• Disposing of hazardous chemicals, such as lawn and gardening herbicides, at one of the county’s household hazardous waste sites to help reduce harmful contaminates in flood waters. Learn more at kingcounty.gov/hazwaste.

When flooding is imminent, King County employees gather, analyze and distribute flood warning information so that residents, businesses, property owners and emergency responders can make important public safety and economic decisions.

Once rivers rise to designated thresholds, King County’s Flood Warning Center opens to monitor river gauges, weather data, dam operations and road closures, 24 hours a day until the flood threat has passed.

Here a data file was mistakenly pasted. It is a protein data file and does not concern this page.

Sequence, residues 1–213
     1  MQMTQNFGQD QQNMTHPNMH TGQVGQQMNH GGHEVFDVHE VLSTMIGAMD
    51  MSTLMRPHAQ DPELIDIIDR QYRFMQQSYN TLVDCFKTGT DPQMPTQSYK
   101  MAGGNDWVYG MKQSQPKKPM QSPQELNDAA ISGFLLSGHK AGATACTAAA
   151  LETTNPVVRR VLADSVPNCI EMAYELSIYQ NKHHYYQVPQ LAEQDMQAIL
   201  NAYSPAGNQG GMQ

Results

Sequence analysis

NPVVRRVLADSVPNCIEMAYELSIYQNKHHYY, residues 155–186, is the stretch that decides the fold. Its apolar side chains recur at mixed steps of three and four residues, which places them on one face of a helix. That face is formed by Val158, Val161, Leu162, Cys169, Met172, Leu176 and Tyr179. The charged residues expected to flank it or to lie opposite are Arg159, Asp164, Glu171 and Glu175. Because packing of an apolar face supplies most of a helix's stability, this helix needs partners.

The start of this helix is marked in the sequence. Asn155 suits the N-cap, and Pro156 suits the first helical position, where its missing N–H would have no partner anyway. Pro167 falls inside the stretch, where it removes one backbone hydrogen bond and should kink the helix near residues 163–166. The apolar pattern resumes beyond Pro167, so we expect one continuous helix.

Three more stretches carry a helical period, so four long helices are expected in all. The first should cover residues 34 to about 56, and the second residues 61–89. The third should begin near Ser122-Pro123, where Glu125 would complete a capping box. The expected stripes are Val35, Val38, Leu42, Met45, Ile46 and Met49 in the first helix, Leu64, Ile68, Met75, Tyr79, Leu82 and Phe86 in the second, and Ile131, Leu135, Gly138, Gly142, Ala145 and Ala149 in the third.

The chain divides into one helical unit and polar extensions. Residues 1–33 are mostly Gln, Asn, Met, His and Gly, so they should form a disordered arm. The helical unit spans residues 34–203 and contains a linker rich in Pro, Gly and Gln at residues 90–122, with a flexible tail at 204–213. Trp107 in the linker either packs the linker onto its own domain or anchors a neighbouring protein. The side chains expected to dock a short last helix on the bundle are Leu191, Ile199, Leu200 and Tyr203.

County employees head into the field at designated flood levels to address safety concerns, such as flooded roadways, and to check on flood control facilities.

When the Flood Warning Center is open, citizens can speak directly to King County employees 24 hours a day by calling 206-296-8200 or 1-800-945-9263. Interpreter services are available.

Questions or assistance with flooding on smaller streams or urban drainage problems can be called in to 206-477-4811 during business hours or 206-477-8100 after hours or on weekends.

Efforts to protect people and property have earned King County a high from the Federal Emergency Management Agency’s Community Rating System (CRS). King County’s high CRS rating is saving policyholders in unincorporated King County more than $1 million in flood insurance premiums – an average of $425 per policy.

More in News

AuburnFest celebration: register, join the parade

Fun run, vendors, car show also open to participants at summertime showcase

Toastmasters honors Auburn morning club